Today is the fiftieth anniversary of the tragic assassination of President John F. Kennedy. It’s also a Friday, as was November 22,1963. (Likewise, December 7 will be a Sunday this year, as it was in 1941.) A simple interpretation of the data points to Lee Harvey Oswald as the sole assassin that fateful day. But conspiracy theories reject a plain interpretation of the data in favor of hidden, marginal evidence and obscure speculation from less reliable witnesses. Secrecy and inside knowledge are motifs among conspiracy theories.
For the past couple days I’ve been thinking about conspiracy theories in the Bible and the contemporary church. A “conspiracy theory” is a claim that God has spoken, when he has not actually spoken. An assertion may be either sincere or fraudulent, but it’s not genuine. In the first part of this blog, I described a conspiracy theory in 2 Kings 18:25. The second installment noted parallels between that story in the Bible and conspiracy theories which surround the assassination of JFK. Today I’m thinking of three conspiracy theories in the church today. Two of them are fairly old; one of them is new and very current.
My first encounter with a conspiracy theory came my freshman year of college at BGSU. I was a music major. My theory professor, a gifted, intense, young man, saw my interest in spiritual things and handed me a small booklet called “Bible Numerics.” It had been written by a brilliant Russian mathematician who was exiled from his land and became a Harvard scholar who tutored Albert Einstein. His name was Ivan Panin. He made some amazing claims that have nothing to do with the message of the Bible. (That’s what conspiracy theories do!)
Pavin counted words and letters in certain Bible passages and noticed some interesting patterns. Only “numbers” people can relate to Bible Numerics. It’s really complicated. The patterns are extremely difficult to test. One reason for this is they don’t always work, so Panin set up a dizzying set of criteria to qualify everything. It’s all pretty harmless until he claimed the numerics statistically establish divine authorship of Scripture.
When his formulas didn’t fit the text, Panin devised his own Greek New Testament by constructing a text which fit his numerics. There are thousands of variant textual readings in the manuscripts. If you do enough counting of obscure words and letters, you can create a critical text which add up to the totals you want. It’s an easy conclusion: Bible Numerics is a conspiracy theory. This doesn’t mean Panin was an evil man or an unbeliever, just that God has not spoken through Bible Numerics. I haven’t run into Panin’s book in decades, so I thought his conspiracy theory was dead. But last week when I googled his book, I found a strong following, including endorsements from Christian television personalities who appear on late night religious cable networks.
A second conspiracy theory was developed in the early 1990s by Michael Drosnin called “The Bible Code.” Like Pavin, Drosnin counted the letters and created patterns. Unlike Pavin, Drosnin found coded messages hidden in the Scriptures. Most famous is his claim to have discovered a prediction of the assassination of Israeli Prime Minister Yitzhak Rabin in 1994.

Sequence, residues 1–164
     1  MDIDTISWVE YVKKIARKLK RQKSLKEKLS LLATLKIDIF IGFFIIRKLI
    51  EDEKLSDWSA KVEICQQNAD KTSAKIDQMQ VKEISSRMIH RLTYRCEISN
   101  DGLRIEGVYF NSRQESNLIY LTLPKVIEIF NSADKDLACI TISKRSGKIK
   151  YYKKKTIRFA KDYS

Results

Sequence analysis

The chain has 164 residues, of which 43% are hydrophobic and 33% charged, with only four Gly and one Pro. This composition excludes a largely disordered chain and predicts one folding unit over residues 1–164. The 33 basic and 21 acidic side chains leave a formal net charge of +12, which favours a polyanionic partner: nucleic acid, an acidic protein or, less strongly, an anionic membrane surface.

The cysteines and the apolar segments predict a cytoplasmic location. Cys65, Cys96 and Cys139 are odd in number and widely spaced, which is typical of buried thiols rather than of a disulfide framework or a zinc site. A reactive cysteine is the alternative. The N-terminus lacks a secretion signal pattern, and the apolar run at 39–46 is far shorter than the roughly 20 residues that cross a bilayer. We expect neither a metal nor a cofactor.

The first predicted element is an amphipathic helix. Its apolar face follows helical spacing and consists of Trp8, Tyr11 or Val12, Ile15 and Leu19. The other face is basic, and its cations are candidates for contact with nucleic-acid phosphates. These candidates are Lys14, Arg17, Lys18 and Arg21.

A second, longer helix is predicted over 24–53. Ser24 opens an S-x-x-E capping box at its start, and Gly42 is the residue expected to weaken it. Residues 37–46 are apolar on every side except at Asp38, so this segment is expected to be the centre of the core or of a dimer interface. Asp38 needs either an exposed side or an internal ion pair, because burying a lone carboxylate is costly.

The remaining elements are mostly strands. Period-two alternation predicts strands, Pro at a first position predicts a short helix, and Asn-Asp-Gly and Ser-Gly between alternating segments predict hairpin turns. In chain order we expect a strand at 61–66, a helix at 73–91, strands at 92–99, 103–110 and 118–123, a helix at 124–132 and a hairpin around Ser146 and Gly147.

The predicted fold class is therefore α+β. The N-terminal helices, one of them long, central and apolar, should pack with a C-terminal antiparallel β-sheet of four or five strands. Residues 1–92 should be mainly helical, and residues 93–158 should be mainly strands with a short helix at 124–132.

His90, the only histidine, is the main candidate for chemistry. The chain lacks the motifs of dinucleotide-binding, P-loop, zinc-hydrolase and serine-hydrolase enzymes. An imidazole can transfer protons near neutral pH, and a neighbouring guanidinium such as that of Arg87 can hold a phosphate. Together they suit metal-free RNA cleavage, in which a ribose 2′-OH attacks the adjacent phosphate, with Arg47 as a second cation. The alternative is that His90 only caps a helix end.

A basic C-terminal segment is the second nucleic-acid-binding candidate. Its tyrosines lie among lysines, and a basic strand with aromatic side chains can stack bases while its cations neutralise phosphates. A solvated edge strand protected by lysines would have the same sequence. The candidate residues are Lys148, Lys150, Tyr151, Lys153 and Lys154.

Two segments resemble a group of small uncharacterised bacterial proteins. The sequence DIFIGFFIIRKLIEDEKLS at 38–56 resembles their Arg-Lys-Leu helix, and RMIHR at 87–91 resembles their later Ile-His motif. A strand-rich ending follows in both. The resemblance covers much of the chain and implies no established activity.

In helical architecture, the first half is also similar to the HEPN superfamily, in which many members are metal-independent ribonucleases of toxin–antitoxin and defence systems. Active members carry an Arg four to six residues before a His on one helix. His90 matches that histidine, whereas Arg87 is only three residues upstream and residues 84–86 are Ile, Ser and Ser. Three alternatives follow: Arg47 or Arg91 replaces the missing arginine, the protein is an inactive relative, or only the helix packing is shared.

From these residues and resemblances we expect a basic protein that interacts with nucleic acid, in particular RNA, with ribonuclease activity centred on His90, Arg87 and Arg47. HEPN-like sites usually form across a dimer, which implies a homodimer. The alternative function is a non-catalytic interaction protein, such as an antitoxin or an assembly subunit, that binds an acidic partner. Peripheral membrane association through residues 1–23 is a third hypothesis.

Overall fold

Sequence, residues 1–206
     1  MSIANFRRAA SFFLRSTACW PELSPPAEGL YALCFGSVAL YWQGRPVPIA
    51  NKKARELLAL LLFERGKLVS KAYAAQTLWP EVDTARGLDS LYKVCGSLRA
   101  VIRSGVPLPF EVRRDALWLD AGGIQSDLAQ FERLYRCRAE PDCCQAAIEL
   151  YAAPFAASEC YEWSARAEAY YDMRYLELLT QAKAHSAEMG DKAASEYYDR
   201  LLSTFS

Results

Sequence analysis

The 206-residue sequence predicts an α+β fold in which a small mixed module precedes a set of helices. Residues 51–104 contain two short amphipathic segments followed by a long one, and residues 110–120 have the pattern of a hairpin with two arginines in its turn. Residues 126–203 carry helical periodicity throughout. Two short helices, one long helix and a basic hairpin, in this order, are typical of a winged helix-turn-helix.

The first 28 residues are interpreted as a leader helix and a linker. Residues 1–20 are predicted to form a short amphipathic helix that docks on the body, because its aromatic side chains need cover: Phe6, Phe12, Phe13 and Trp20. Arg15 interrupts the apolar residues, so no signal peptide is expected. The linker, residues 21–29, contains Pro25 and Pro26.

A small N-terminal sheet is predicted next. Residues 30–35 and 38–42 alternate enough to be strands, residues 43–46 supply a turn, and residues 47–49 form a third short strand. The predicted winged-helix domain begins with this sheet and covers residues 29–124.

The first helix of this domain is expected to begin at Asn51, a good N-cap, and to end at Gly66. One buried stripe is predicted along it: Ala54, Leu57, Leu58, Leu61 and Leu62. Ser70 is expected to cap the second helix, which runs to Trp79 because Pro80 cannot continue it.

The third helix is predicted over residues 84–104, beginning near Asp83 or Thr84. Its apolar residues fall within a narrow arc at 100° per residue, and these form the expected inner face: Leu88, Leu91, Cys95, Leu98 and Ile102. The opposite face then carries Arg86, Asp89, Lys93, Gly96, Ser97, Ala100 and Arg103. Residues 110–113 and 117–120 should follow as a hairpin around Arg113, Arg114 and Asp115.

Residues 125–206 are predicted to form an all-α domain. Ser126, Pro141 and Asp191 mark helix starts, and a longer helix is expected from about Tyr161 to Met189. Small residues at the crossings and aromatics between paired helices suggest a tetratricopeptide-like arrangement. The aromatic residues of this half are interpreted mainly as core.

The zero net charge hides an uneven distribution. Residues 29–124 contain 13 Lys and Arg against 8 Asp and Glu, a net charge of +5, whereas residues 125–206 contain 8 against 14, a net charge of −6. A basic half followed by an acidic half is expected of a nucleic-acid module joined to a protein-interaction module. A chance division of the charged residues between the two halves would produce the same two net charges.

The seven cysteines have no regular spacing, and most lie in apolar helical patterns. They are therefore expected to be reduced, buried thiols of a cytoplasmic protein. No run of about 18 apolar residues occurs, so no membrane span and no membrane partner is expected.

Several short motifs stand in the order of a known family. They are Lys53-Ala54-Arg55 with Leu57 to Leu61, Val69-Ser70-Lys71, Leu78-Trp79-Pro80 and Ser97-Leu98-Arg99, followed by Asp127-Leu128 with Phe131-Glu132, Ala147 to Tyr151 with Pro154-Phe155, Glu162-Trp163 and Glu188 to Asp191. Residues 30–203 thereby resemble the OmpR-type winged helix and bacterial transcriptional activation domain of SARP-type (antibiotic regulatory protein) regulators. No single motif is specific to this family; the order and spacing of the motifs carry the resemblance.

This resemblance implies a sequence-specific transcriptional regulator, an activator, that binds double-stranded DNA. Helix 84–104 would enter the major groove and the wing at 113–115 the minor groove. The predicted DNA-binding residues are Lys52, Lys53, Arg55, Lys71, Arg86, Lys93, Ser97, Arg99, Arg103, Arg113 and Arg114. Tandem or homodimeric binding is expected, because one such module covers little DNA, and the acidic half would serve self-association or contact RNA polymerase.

The Bible Code has given rise to a whole genre of new writers who create coded messages, not only from the Bible, but from nearly any major piece of literature. For those who know how, there are enough lines in any large book to find a coded message. If you write your own rules, you can create a coded message from any text. No, God didn’t predict modern events through a Bible code. It’s just another conspiracy theory. The people who do it are smart, but Bible codes don’t prove anything. You can ignore Bible codes. Just read the plain text instead!
Conspiracy theories ignore the basic rules of Bible interpretation (hermeneutics). Telltale signs include an emphasis on secrets, hidden mysteries and codes. That’s not how God speaks in Scripture. Even apocalyptic literature like Daniel and Revelation are not secret, coded messages. Apocalyptic books use symbolism, but not a secret code.
That brings us to a third conspiracy theory: The Harbinger, by Jonathan Cahn. It was published in 2012 and immediately became a best seller. Key words “mystery” and “secret” are right on the cover of the book, along with an endorsement from a Christian television personality. The book is written as as fiction novel which interprets the terrorist attack of September 11 and events following as a warning from God to America. The conspiracy theory is based on a single key verse: Isaiah 9:10.
In open dialogues with critics, Cahn freely admits Isaiah 9:10 is about Israel, not America. But he claims it’s a “sign” to America. That’s where it becomes a conspiracy theory. The Harbinger reads as if Isaiah 9:10 was a prophesy directed to America, even though the author admits it’s not. That’s a head scratcher. It’s like admitting Adrian Peterson stepped out of bounds behind the line of scrimmage at the Vikings 1 yard line, but the subsequent 99 yard run was so amazing and statistically improbable that the touchdown counts anyway. No, in football when a runner steps out of bounds, there is no touchdown. It doesn’t matter how amazing the run.